vary a first transmit power level of the mobile station on a first reverse link channel responsive to power control commands from the serving base station, while conditionally ignoring power control commands from any non-serving base stations for purposes of power controlling the first reverse link channel;
vary a second transmit power level of the mobile station on a second reverse link channel responsive to power control commands from at least one non-serving base station; and
a transmitter to transmit signals on the first and second reverse link channels at the first and second transmit power levels respectively.
58. The mobile station of claim 57 wherein the first reverse link channel is a reverse rate control channel and the second reverse link channel is a reverse traffic channel.
59. The mobile station of claim 58 wherein the gain of the reverse rate control channel is fixed relative to a reverse pilot channel and wherein the power control logic varies the transmit power level of the mobile station on the reverse pilot channel responsive to the power control commands from the serving base station.
60. The mobile station of claim 58 wherein the gain of the reverse traffic channel is fixed relative to a reverse pilot channel and wherein the power control logic varies the transmit power level of the mobile station on the reverse pilot channel responsive to the power control commands from the at least one non-serving base station.
61. The mobile station of claim 57 wherein the power control logic decreases the second transmit power level if at least one of the non-serving base stations in the active set commands the mobile station to decrease its power level.
62. The mobile station of claim 61 wherein the power control logic increases the second transmit power level if all of the non-serving base stations in the active set command the mobile station to increase its power level.
63. The mobile station of claim 57 wherein the power control logic varies the transmit power of the mobile station on the second reverse link channel responsive to power control commands from all the base stations in the active set for the mobile station, including the serving base station.
64. The mobile station of claim 57 wherein the power control logic decreases the second transmit power level if the serving base station or any one of the non-serving base stations commands the mobile station to decrease its transmit power on the reverse traffic channel.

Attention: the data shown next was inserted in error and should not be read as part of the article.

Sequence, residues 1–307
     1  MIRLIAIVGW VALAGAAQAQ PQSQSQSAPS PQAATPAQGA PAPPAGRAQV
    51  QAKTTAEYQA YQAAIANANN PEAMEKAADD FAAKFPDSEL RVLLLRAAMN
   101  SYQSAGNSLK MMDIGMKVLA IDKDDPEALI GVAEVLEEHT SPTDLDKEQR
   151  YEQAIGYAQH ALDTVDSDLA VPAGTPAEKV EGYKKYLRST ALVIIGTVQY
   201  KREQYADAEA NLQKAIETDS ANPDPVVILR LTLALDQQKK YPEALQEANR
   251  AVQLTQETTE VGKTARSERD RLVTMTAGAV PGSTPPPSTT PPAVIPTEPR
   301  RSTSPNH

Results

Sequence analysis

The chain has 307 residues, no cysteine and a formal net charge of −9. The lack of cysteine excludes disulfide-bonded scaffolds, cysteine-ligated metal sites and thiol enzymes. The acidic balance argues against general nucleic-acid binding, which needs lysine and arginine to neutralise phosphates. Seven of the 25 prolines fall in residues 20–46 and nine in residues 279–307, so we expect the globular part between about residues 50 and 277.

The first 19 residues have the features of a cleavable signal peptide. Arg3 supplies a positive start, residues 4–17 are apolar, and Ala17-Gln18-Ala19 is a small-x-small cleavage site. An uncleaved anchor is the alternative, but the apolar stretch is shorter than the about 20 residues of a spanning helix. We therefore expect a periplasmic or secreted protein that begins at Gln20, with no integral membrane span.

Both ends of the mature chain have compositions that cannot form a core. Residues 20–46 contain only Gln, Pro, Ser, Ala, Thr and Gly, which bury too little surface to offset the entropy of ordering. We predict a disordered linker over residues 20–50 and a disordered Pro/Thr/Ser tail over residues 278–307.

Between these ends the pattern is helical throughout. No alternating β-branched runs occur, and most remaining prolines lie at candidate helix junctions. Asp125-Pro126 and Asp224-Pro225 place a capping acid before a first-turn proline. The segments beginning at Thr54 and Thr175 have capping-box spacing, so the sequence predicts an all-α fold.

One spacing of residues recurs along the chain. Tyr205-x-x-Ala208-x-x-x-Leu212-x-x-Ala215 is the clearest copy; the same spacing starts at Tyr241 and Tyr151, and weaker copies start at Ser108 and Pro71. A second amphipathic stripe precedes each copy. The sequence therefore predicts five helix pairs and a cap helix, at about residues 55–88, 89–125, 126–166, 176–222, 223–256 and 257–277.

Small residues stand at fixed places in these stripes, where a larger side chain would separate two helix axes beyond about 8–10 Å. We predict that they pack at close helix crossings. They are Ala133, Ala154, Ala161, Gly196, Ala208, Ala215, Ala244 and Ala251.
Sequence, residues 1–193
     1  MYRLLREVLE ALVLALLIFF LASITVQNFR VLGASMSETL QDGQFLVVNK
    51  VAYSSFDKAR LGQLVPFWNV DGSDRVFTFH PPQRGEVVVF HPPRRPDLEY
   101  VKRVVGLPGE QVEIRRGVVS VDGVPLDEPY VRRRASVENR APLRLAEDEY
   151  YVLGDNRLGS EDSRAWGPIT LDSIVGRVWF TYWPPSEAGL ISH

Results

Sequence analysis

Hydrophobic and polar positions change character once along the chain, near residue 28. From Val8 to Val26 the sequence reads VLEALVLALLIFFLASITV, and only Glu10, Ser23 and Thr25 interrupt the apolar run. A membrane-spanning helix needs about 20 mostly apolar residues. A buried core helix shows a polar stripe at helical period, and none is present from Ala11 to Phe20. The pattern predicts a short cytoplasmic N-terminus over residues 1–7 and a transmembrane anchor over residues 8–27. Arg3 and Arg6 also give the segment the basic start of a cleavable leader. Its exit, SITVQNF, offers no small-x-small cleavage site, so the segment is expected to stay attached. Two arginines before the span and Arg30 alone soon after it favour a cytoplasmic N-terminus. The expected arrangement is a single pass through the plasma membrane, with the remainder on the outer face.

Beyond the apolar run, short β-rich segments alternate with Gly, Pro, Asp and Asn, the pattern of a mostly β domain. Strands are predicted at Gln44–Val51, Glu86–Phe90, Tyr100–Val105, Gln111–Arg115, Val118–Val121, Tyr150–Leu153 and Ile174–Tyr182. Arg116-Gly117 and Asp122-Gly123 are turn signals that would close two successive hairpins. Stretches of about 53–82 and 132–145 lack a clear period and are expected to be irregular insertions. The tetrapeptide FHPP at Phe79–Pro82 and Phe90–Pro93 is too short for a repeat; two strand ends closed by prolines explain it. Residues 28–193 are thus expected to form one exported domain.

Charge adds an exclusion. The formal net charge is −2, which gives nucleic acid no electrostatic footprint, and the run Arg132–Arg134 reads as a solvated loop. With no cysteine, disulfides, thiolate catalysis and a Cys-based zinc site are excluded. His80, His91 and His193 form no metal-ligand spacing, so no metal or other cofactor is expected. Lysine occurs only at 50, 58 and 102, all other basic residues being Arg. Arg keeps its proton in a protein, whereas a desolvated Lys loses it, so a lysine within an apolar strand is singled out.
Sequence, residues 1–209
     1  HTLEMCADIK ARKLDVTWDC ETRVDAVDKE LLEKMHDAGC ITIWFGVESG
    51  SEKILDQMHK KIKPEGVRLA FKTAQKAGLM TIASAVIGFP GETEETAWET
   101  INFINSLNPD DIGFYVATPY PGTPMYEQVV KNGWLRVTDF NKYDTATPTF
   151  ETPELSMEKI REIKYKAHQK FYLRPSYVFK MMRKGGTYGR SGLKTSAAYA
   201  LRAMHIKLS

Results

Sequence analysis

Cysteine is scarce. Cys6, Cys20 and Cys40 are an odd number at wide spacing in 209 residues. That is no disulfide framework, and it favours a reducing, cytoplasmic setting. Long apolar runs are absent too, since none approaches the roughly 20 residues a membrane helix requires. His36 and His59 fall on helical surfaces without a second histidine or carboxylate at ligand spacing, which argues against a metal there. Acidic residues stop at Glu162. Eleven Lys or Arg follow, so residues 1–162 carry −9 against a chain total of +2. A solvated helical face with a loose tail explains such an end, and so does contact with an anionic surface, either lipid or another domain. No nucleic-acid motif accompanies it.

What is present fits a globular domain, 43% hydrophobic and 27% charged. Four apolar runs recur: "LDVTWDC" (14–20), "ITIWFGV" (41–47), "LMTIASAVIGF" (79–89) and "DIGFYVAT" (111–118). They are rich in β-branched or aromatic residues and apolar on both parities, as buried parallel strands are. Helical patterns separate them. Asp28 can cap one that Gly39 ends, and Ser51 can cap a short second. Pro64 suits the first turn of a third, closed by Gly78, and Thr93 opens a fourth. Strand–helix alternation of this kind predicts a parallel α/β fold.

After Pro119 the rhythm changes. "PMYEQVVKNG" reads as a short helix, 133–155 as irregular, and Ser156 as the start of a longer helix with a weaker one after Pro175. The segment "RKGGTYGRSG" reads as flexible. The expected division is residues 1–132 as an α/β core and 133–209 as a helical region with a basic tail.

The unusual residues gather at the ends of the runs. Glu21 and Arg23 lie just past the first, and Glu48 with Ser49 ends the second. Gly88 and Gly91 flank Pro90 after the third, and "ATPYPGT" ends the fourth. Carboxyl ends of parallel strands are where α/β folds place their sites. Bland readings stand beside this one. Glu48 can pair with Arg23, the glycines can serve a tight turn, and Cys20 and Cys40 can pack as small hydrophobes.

65. The mobile station of claim 57 wherein the power control logic increases the second transmit power level if all the base stations in its active set command the mobile station to increase its transmit power on the reverse traffic channel.
66. The mobile station of claim 57 further comprising computing a first channel gain of one of the first and second reverse link channels relative to a third reverse link channel.
67. The mobile station of claim 66 wherein the power control logic is operative to:
determine if the first channel gain meets a predetermined criterion; and
vary the transmit power level of the mobile station on the first reverse link channel if the first channel gain meets the predetermined criterion.
68. The mobile station of claim 67 further wherein the power control logic varies the first transmit power level of the mobile station on the first reverse link channel responsive to power control commands from at least one non-serving base station if the first channel gain does not meet the predetermined criterion.
69. The method of claim 67 further comprising computing a second channel gain of one of the first and second reverse link channels relative to the third reverse link channel.
70. The method of claim 69 wherein varying a first transmit power level of the mobile station on a first reverse link channel responsive to power control commands from a serving base station, while conditionally ignoring power control commands from any non-serving base stations for purposes of power controlling the first reverse link channel comprises:
ignoring the power control commands from any non-serving base stations if the first channel gain meets a first predetermined criterion;
ignoring the power control commands from any non-serving base stations if the second channel gain meets a second predetermined criterion; and
considering power control commands from one or more of the non-serving base stations for purposes of power controlling the first reverse link channel if either of the first and second channel gains does not meet the first and second predetermined criterion respectively.
71. The mobile station of claim 66 wherein the power control logic is operative to:
determine if the first channel gain meets a predetermined criterion; and
vary the transmit power level of the mobile station on the second reverse link channel if the first channel gain meets the predetermined criterion.
72. The mobile station of claim 71 further wherein the power control logic varies the second transmit power level of the mobile station on the second reverse link channel responsive to power control commands from the serving base station if the first channel gain does not meet the predetermined criterion.